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Kieleweke supports ban on church politics, says Murathe

Wednesday September 11 2019

David Murathe

Politician David Murathe during a press conference in Nairobi on January 6, 2019, when he announced his resignation from the position of Jubilee Party vice chairman. PHOTO | WILLIAM OERI | NATION MEDIA GROUP 

NDUNG'U GACHANE
By NDUNG'U GACHANE
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All members of Jubilee Party's Kieleweke faction have been directed to respect the decision by churches to ban political activities.

David Murathe, the party's former vice chair, said on Tuesday that all politicians in the grouping had been asked to adhere to the directive by the Catholic Church and the Anglican Church of Kenya.

It was announced on Monday by Catholic Diocese of Muranga Bishop James Maria Wainaina, who said priests had been banned from inviting politicians to church, and that all such invitations had therefore been cancelled.

The ban that the bishop said will be in force until further notice targets Catholic churches in Murang'a and Kirinyaga.

It followed an ugly incident at Gitui Catholic Church, where Kiharu MP Ndindi Nyoro clashed with his nominated counterpart Maina Kamanda over who could invite guests.

TANGATANGA

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While condemning the incident, Mr Murathe said Kieleweke members were supportive of the directive and were ready to adhere to it.

He also told the Nation, "We hope Tangatanga members will also heed the instructions."

Mr Murathe, a harsh critic of Deputy President William Ruto, said politicians who wish to address the public should organise rallies.

“No leader should ignore the church. It is wrong for us to take our differences to houses of worship,” he said.

His sentiments seemed to target Dr Ruto who has in the past been generous with churches, presiding over many fundraisers and giving large amounts of money.

BISHOP'S REMARKS

The altercation between at the Gitui church resulted in Mr Nyoro's arrest but he was released without charges.

Bishop Wainaina described the incident as regrettable, unfortunate, uncalled for, shameful, and the kind that sets a bad example for children and youth.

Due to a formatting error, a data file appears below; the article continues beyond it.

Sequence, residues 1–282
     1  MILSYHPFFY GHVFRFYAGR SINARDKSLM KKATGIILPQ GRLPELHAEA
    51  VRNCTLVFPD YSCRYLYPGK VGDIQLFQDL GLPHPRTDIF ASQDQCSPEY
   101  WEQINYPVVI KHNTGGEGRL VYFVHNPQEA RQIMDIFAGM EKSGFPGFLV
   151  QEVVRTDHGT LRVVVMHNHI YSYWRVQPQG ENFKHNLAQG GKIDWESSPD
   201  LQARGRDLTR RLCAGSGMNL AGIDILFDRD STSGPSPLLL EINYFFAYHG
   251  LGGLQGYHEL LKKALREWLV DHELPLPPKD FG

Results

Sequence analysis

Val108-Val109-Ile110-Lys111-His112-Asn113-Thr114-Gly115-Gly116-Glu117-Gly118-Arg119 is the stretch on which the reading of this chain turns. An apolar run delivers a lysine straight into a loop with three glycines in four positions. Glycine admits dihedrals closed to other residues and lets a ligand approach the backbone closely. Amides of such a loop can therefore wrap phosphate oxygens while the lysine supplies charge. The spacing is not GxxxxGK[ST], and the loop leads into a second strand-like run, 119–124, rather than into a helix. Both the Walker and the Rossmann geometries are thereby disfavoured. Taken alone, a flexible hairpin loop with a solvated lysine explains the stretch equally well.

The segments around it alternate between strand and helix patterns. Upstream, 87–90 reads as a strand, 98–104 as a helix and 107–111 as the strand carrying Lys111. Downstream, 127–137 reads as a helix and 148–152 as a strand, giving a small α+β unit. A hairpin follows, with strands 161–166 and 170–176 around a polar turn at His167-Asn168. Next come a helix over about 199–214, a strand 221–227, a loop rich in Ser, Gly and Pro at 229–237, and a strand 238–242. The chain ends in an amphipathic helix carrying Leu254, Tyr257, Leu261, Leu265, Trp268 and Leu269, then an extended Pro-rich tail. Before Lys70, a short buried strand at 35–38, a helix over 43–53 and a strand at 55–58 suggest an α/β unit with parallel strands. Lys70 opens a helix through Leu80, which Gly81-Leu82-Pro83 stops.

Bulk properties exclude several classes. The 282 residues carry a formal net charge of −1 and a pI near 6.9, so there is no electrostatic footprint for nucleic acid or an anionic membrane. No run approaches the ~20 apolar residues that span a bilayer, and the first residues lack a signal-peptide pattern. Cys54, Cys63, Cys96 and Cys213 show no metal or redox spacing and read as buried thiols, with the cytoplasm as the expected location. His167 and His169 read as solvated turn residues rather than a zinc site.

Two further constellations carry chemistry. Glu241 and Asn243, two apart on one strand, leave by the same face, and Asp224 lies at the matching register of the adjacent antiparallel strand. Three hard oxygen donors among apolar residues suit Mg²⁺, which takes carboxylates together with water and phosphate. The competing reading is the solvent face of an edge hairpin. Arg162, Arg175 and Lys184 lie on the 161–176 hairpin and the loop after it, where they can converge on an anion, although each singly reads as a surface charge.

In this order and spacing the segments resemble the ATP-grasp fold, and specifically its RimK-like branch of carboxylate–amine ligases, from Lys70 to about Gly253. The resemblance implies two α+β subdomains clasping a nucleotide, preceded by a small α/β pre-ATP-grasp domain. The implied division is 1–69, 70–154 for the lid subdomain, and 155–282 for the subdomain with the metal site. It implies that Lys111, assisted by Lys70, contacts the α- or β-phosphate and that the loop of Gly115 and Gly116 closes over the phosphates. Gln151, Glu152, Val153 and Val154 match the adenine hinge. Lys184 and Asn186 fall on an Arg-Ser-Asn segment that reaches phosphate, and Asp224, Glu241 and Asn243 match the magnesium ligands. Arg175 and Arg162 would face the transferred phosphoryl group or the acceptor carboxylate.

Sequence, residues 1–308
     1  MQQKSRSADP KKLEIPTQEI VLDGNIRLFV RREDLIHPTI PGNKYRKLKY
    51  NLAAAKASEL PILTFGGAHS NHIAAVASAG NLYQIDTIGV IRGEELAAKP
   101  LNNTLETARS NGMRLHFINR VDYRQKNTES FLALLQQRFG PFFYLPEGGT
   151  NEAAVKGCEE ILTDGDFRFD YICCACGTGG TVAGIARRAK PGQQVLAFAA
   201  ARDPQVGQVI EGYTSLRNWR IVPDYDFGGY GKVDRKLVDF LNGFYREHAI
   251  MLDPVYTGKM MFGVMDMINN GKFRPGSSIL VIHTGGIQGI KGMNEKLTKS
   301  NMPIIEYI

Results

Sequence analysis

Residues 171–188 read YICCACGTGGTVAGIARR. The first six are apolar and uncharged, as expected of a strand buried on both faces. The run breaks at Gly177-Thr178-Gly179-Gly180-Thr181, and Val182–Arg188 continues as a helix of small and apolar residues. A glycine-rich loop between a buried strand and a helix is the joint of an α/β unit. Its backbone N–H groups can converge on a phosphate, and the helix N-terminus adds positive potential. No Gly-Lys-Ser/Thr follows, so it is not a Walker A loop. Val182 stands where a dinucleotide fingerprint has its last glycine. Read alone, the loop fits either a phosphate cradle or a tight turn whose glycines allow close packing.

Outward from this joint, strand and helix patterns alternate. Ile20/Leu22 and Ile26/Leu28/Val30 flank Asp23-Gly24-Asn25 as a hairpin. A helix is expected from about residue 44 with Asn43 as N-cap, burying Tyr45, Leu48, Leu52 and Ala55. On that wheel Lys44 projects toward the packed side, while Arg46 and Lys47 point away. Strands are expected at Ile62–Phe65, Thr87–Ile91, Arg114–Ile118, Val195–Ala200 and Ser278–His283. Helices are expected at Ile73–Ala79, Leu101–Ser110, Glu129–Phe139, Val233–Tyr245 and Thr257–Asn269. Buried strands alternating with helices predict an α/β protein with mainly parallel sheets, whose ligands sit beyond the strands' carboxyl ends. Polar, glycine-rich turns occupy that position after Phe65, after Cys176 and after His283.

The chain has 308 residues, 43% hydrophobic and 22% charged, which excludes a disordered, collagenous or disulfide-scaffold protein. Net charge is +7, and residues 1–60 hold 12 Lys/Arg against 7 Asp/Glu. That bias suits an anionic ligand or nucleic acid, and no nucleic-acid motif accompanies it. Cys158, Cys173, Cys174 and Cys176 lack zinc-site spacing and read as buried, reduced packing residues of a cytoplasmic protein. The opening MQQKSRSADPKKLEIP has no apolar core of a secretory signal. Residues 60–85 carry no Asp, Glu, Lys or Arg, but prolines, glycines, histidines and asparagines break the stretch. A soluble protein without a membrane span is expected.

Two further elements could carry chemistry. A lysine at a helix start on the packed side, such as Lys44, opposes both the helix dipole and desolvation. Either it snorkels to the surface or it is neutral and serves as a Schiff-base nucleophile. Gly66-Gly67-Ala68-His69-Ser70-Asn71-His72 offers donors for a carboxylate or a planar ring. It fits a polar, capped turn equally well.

“It is now clear to church leaders and most people concerned about respect and honour for the ministry that many politicians think differently about the value of gatherings of Christians. For many, such gatherings are taken conveniently as platforms for self-proposition for elective posts. I feel this incident was a confirmation of the reasons to limit time and space offered to politicians," he said.

He continued, "We call upon everyone, particularly the political class, to uphold the dignity of places of worship. They should practice tolerance in political divergence and decorum in expression of political views. They must also refrain from any acts and utterances of hatred, division, intimidation and incitement to violence. We demand an apology from those involved."

ACK'S MOVE

The ban came three months after the ACK's Murang'a South diocese, which comprises Maragua and Kandara constituencies, banned political fundraisers.

This was after some members of the Kieleweke faction clashed with Kandara MP Alice Wahome’s supporters.

Kiambu Women Representative Gathoni Wamuchomba had accused Ms Wahome of going to Kiambu to attack her.

Displeased with the allegations, Ms Wahome’s supporters heckled her.

The church leader said, “The Anglican church is guided by a statute. Disregarding the church's norms may discourage Christians who come expectant of blessings and encouragement.

"To prevent a repeat of what happened on Sunday, I have directed that no politician be given airtime in church. If they must address the faithful, let them do so outside the church when the service is over."

He added that Ms Wamuchomba’s utterances were uncalled and that she misused the time she was given to address congregants.